Growing & Enjoying the Benefits of Lavender for Beginners

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Lavender. Who doesn’t love a row of perfectly curved bushes surrounded by that glorious purple haze of flowers and the even more incredible aroma? I love the look of lavender and I love the scent.

While I did appreciate the glories of lavender, I really didn’t know how to use it. Looking on Pinterest, I’ve found a lot of great ideas to use lavender for decorating and making crafts and some about growing it, but not so much about actually using it medicinally. Side note, I may have to do another post of my favorite Pinterest ideas to keep me busy once I have more lavender to play with! There also seemed to be a lot, and I mean a LOT on using lavender essential oil, but not so much on using lavender right off your bush.

So while essential oils are great and many of the benefits of lavender can be reaped using the oil, I want to talk about lavender in general and share how to make a lavender infusion.

Benefits of Lavender

Lavender is aromatic, fights gas, is antibacterial and antiseptic, is an expectorant, and is considered an antispasmodic. The use of Lavender dates back to ancient Egypt and China. Lavender has been used to soothe headaches, toothaches, sore muscles, and coughs , ease anxiety, and eliminate digestive issues. (Doctor’s Health Press)

Lavender for Calming

Lavender is probably most well known for its calming, sedative properties. Studies have shown that breathing in the scent of lavender can promote deeper, more restorative sleep. In fact, I found one study done in a nursing home that found that residents slept just as long and even more soundly when they used lavender aromatherapy as when they used a sleep inducing drug. (Prescription for Herbal Healing) Wow, that is impressive. I know I have reached for the lavender at night when my first daughter was awake screaming for hours at a time and it seems to have helped. It either soothed her, soothed me, or just made me feel better because I was actually able to do something for her. I’m not sure & wouldn’t be able to tell scientifically, but when you’re a mama up in the middle of the night, you want results, not science.

Lavender for the Heart

Interestingly, Lavender is also good for the heart. It slows the cardiovascular system , which allows it to release constricted blood vessels. (Doctor’s Health Press) Lavender been shown to decrease blood pressure and improve blood circulation.

Lavender for the Lungs

Lavender has been used to treat respiratory issues including asthma. As an expectorant, it can be useful when you have a cold or a cough by clearing mucus. (dherbs.com) According to Prescription for Herbal Healing the American varieties of Lavender have been shown to reduce the severity of bronchitis symptoms by acting as an antihistamine. This is definitely one tidbit I’ll be keeping in mind as we enter cold & flu season this year.

Lavender for the Skin

This beautiful purple plant has many uses for the skin as well. Lavender water (just an infusion of lavender) spritzed on the face or irritated skin can be soothing. Because Lavender is an antimicrobial, Lavender oil can be used to treat acne. It balances out overactive sebum production, which the bacteria grows on. (Eden’s Garden)

Speaking of skin, you can also protect your skin with Lavender by using it as a mosquito repellent. Simply make a very potent Lavender infusion using 4 cups of water to 4 tbsp of Lavender.

Using Lavender in an Infusion

How do you make an infusion, which is really just another work for a stronger tea? Check out my post here for more details or read on for a brief summary.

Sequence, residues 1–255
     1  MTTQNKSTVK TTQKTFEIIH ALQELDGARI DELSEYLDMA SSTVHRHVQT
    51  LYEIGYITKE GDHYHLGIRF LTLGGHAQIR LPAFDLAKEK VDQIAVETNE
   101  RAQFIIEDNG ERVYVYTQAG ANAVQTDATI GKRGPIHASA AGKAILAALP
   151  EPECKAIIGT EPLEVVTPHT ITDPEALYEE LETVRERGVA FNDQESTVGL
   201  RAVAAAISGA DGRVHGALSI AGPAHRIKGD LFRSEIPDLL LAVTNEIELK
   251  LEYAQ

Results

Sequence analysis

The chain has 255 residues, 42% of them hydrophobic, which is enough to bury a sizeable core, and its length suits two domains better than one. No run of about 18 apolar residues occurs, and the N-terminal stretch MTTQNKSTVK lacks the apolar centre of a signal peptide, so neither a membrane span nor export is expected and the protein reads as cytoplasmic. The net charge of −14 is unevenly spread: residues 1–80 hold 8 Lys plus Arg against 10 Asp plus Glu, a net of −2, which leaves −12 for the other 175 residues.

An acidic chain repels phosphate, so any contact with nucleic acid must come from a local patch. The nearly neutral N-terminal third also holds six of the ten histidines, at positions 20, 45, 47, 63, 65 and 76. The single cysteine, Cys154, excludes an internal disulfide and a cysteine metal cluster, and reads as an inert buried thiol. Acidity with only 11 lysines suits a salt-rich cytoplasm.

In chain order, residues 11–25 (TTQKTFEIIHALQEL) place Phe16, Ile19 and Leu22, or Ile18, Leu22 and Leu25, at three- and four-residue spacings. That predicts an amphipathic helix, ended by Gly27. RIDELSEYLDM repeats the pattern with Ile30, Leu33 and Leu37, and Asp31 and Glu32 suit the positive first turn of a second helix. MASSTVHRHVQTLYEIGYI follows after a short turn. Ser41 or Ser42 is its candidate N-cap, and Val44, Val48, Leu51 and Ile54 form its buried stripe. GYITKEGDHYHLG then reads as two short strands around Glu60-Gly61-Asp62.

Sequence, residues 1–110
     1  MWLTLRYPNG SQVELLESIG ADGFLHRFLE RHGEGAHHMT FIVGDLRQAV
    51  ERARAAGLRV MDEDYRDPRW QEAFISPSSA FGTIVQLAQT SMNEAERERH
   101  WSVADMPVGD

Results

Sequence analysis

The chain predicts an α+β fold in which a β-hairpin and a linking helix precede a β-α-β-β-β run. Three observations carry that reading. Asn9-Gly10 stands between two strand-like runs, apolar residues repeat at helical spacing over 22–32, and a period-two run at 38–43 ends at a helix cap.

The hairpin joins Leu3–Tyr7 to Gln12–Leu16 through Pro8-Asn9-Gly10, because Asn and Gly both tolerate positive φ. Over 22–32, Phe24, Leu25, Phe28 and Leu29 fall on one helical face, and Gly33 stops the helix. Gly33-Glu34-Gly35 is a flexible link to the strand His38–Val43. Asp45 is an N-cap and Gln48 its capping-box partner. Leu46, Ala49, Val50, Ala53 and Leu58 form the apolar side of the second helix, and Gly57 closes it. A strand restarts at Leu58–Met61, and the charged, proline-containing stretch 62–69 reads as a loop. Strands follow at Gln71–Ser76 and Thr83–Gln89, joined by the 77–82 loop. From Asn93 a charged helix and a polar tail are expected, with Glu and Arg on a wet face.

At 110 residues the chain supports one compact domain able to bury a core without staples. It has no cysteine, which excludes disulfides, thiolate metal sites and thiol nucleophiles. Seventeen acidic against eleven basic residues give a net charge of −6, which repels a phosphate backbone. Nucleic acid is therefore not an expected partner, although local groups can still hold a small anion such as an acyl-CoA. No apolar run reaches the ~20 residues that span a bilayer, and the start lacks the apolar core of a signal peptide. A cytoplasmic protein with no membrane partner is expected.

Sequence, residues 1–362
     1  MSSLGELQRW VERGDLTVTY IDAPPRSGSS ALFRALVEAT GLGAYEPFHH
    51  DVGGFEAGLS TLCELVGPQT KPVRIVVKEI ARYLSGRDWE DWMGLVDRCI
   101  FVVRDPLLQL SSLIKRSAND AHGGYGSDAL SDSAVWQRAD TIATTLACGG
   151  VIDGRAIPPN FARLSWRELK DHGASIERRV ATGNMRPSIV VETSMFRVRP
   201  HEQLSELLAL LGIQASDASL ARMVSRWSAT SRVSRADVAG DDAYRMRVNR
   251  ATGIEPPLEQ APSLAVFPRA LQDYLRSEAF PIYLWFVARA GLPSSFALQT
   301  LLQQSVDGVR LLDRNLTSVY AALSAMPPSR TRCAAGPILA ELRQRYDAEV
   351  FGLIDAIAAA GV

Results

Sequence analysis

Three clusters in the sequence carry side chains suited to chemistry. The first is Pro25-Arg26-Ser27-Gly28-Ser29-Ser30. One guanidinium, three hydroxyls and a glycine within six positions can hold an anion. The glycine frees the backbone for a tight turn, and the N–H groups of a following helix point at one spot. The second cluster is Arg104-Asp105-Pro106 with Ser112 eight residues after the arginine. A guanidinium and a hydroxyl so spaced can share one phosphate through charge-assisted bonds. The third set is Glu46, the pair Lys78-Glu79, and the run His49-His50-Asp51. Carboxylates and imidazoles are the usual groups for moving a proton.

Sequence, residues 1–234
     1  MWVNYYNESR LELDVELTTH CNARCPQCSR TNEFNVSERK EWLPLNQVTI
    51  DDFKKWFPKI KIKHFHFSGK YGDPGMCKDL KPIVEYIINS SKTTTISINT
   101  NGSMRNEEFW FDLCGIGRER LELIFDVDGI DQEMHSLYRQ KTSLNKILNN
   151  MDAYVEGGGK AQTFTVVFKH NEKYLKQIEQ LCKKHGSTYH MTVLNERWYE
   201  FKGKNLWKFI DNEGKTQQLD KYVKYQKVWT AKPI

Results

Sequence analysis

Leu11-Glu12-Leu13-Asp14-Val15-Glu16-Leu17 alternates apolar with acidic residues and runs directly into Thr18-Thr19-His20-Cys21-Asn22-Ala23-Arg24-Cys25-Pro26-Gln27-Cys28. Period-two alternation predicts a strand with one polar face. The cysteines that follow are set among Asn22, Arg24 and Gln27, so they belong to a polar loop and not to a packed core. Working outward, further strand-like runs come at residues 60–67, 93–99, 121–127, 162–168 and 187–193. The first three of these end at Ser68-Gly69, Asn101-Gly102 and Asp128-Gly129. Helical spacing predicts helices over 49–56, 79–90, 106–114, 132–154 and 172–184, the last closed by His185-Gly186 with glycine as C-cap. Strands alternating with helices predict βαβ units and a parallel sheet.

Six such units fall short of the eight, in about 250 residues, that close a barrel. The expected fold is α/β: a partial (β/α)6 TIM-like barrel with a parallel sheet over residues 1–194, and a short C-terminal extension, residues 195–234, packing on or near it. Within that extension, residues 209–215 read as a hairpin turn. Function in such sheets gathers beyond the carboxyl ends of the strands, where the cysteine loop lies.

Simply boil 4 cups of water then, once it reaches boiling, pull it off the heat. Add 2 tablespoons of Lavender, either loose or in a tea ball, and allow it to steep for at least 15 minutes. I would do much longer then this because one, I would forget about it and two, I would want it very strong. To learn more about storing your infusions, check out my blog post on the subject.

Growing Lavender at Home

Knowing the benefits of Lavender and how to use it is all well & fine, but you need to know how to grow it so you have some to work with! As I have learned more while writing this, I have realized that my poor little Lavender plant has not been taken care of all that well . . . Oh well, live and learn.

To begin with, Lavender is a perennial native to the Mediterranean region. The “four necessities” of Lavender are heat, air, drainage, and dryness.

It loves sun and warmth; Plant in full sun or grow in a south facing window indoors. Many people even suggest planting it against a stone wall/foundation to give your plant extra radiant heat.

The next three needs all have to do with dryness. Give your plant plenty of space so that it has sufficient air circulation and does not stay wet. I found suggestions to give it as much space around as it will grow tall; they seem to grow in a pretty ball shape when given ideal conditions.

The next need is drainage; again this is important so the roots do not stay wet and rot, especially in a pot. You can line the bottom of the hole or pot with gravel to increase drainage.

The last need IS dryness. I included this because you need to specifically make sure not to overwater your plant. Water only when the planting soil has dried out an inch deep. Also make sure, if growing in a pot, not to use a container that has a tray under it to retain water. I would water the plant in the sink or tub, let it drain, then return it to its window so it doesn’t drip everywhere.

Lavender plants like an alkaline soil. You can supplement your soil with oyster shells or add lime to increase alkalinity.

When to prune or harvest your lavender plant? To slow woody growth, I found suggestions to prune after flowering and before winter. Harvesting is pretty straight-forward cut it above the woody line and allow it to dry for two weeks before storing. You can bundle it & hang it, tie it into a wreath, or put it in a vase to do double duty as a decoration while it dries too!

If you live in the south and don’t experience very chilly winters, your Lavender plant should do great outside all year round. However, if you live in the north and have to deal with cold, wet winters, either growing your Lavender in a pot or potting it to bring it inside in the winter is probably your best option. I left my lavender outside last winter, but will be potting it to bring it inside this year. (Though it is 85 degrees today and doesn’t really feel like winter is coming yet!) As a side note for potting your lavender, find a pot around the same size as the root ball of your plant because they like to have their roots more tightly compacted in the pot.